Skip to content

not overruling the man

September 5, 2011

Theophrastus has introduced a discussion of 1 Tim. 2:12 already, so I thought I would take up this passage with a post rather than just a comment.

I am not too worried about how to translate 1 Tim. 2:12, but fall back on the Vulgate in this case. It has the advantage of being a translation backed by tradition, not always a bad thing. Oh, and not motivated by feminism either,

Docere autem mulierem non permitto, neque dominari in virum: sed esse in silentio.

But to teach I permit not unto a woman, nor to have dominion over the man, but to be in silence.   Douay Rheims 1610.

Jerome has used dominari in two other contexts so we have some idea what he meant by it. Here is 1 Peter 5:3 and Gen. 3:16,

neque ut dominantes in cleris, sed forma facti gregis ex animo.

neither as “overruling” the Clergie, but made examples of the flock from the hart.  DR 1582

et sub viri potestate eris, et ipse dominabitur tui.

thou shalt be under thy husband’s power and he shall have dominion over thee. DR 1609

It is hard not to suppose that the translators of the Douay-Rheims regarded “to have dominion” as a positive thing, and “overruling” as a negative thing. (I won’t suggest a feminist agenda for these translators.) A man could have dominion over a woman, but not the reverse. However, the “Clergie” is not to be overruled!

Just think what it would be like if 1 Tim. 2:12 had said that the woman was not to “overrule” the man. And should a man overrule a woman? What did they think on that score? The clergy is not to be overruled by the bishops (?), in spite of their relative positions, so why should a man overrule a woman?

I am becoming a little curious as to who translated the Douay-Rheims, and how they were able to suggest that the clergy should not be overruled. What was the power dynamic that this translation was intended to challenge or reinforce? I’d be interested in any ideas on this account.

My citations are from the facsimile version of the Douay Rheims, accessed through the Look Higher website, under “Historic Bibles (graphic.) One of the constants in my blogging has been, and will continue to be, to rediscover historic Bible translations and understand them within their  context. And one of the benefits of group blogging is accountability, making sure that one’s references are reliable. That’s where the facsimile Bibles come in handy.

3 Comments leave one →
  1. September 5, 2011 11:10 pm

    The 1582 Rheims Bible (primarily translated by Gregory Martin) includes detailed notes — here are the notes to 1 Peter 5:3, which pretty much speak for themselves:

    Ouerruling. Not superiority, preeminence, souerainty, or rule on the one side, nor obedience, subiection, and inferiority on the other side, be forebidden in the Clergie: but tyrannie, pride, and ambitious domination be forbidden, and humility, meekenes, moderation are commended in Ecclesiastical Officers. the Greeke vvord here of ruling or ouerruling, being the same that our Sauiour vseth in the Gospel of the tyrannical rule of secular Heathen Princes, saying to his Apostles, that it shal not be so among them: according as here the prince of the Apostles teacheth his brethren the Ecclesiastical rulers. [Subnote: Not Superioritie but tyrannie and lordlines is forbidden in the Clergie.] [Subnote: katakurieuontes. Mat. 20. v. 25.]

    The Clergie. Some of the English nevv translations turne it corruptly, Parishes: others, heritages: both, to auoid the most knovven, true, and common vvord in al Christian languages, to vvit, Clergie, a vvord, by vse of al antiquity, & agreably to the holy Scriptures, made proper to the Spiritualty or Clergie. though in an other more vulgar acception it may agree to al Christs chosen heritage, as vvel of lay people as Priests. vvhich the Protestants had rather folovv, because they vvill haue no difference betvvene the laity & the Clergie. [Subnote: Heret. translation.] [Subnote: The name of Clergie and Clerke.] But the holy fathers far othervvise euen from the beginning. Vvhereof see S. Cyprian ep. 4. 5. 6. &c. And S. Hierom ep. 2 to Nepotianus c. 5. vvhere he interpreteth this vvord. Therfore (saith he) Clericus, that is, a Clergie man, vvhich serueth the Church of Christ, let him first interprete his name, and the signification of the name being declared, let him endeuour to be that vvhich he is called. If kleros (Clerus) in Greeke, be called in Latin, Sors, therfore are they called Clerici, that is, Clergie men, because they are of the lot of our Lord, or because our Lord him self is the lot or portion of Clergie men &c.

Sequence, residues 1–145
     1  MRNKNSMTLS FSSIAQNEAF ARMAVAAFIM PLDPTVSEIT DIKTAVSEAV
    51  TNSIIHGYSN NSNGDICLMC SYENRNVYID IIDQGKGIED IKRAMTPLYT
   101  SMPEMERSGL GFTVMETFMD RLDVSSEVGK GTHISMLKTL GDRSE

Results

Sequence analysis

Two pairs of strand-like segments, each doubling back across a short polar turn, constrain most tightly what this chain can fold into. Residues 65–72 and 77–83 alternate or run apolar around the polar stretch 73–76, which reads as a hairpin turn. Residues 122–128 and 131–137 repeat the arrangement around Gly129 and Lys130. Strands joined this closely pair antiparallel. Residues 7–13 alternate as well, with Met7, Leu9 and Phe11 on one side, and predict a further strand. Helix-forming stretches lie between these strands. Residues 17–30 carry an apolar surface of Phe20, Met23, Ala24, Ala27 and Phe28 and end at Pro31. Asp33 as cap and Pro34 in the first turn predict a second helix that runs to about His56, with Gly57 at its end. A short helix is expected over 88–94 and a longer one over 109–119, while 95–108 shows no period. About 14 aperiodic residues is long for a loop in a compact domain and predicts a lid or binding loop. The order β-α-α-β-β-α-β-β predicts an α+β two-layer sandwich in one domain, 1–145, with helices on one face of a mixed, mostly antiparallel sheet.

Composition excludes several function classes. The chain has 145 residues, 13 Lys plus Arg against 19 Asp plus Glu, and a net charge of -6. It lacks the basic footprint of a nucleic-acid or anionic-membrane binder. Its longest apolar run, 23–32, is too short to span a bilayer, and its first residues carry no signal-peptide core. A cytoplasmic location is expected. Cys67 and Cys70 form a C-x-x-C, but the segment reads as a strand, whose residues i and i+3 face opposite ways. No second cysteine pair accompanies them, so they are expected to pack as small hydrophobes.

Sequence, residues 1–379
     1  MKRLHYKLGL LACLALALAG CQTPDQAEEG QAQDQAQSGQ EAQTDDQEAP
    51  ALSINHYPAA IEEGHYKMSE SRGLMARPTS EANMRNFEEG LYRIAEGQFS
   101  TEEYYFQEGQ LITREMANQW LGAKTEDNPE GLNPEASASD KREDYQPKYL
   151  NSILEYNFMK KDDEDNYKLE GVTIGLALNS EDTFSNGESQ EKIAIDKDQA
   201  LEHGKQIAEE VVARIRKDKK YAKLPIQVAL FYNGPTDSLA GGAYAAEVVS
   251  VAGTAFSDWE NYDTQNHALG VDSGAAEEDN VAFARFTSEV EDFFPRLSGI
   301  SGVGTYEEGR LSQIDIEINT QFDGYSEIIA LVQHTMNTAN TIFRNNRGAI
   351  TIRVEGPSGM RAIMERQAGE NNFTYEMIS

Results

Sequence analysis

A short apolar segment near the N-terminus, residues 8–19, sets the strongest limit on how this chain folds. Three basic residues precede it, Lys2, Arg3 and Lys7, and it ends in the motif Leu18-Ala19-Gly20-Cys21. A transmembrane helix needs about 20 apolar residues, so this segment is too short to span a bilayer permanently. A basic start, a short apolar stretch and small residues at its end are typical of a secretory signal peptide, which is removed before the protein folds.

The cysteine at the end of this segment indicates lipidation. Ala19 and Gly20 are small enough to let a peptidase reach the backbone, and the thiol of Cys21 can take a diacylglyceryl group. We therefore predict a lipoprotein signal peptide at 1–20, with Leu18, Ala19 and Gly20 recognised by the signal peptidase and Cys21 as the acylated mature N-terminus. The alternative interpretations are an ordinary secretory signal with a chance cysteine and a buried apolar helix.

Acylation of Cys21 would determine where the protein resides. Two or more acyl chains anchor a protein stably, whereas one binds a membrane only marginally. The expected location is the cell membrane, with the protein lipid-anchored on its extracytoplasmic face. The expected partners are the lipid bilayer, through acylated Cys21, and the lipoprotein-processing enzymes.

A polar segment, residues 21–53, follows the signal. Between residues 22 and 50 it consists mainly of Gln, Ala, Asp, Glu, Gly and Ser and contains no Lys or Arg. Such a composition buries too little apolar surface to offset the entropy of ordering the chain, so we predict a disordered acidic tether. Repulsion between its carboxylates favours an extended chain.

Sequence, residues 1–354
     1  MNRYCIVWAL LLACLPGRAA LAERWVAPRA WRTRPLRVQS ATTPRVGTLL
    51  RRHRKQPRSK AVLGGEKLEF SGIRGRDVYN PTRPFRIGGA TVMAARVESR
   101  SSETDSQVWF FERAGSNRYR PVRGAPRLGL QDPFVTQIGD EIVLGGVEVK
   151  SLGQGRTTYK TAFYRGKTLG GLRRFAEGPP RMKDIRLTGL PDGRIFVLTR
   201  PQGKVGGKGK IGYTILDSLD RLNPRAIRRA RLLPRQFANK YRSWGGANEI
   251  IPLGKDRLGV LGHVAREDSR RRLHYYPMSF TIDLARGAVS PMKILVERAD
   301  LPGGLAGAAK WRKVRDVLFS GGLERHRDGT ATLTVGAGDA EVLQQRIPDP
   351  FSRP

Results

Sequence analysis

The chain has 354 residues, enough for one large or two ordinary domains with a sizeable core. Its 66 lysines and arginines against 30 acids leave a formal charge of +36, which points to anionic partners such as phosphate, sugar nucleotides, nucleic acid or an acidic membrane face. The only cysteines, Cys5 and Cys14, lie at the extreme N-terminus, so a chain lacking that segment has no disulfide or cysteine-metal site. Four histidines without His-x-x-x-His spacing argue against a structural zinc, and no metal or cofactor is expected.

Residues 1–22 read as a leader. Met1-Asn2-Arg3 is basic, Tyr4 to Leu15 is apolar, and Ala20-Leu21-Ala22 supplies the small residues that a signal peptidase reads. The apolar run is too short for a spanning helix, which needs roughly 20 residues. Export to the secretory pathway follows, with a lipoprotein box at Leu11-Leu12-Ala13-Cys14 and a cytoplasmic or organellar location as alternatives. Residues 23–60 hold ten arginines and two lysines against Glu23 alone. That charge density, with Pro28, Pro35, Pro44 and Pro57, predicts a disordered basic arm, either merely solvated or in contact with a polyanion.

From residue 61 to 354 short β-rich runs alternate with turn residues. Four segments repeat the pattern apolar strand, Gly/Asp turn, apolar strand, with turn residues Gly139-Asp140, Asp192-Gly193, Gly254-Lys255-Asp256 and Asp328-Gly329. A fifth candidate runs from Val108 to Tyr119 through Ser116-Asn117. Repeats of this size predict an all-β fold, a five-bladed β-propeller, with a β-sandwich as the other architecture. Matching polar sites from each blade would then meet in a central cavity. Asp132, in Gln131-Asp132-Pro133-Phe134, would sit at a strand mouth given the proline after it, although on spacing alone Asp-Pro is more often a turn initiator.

Vvhich calling no doubt vvas taken out of the holy Scriptures. Numer. 18. and Deutero. 18. vvhere God is called the inheritance, lot, and portion of the Priests and Leuites: and novv vvhen men be made of the Clergie, they say, Dominus pars hæreditatis meæ. [Subnote: kleronomia kleros. meris.] that is, Our Lord is the portion of mine inheritance. but specially out of the nevv Testament, Act. 1, 17. 25. and 8, 21. Vvhere the lot or office of the Ecclesiastical ministerie is called by this vvord kleros, Clerus. [Subnote: Priests crownes.] See in Venerable Bede the causes vvhy this holy state being seuered by name from the Laity, doth vveare also a crovvne on their head for distinction. Lib. 5. hist. Angl. c. 22.

  2. Suzanne McCarthy permalink*
    September 5, 2011 11:41 pm

    So superiority and inferiority are acceptable, no suprise there, but just the same, “tyrannie, pride, and ambitious domination be forbidden.” Thanks!


  1. Paul : Wright :: Thucydides: Woodruff « BLT

Leave a Reply

Fill in your details below or click an icon to log in: Logo

You are commenting using your account. Log Out /  Change )

Facebook photo

You are commenting using your Facebook account. Log Out /  Change )

Connecting to %s

%d bloggers like this: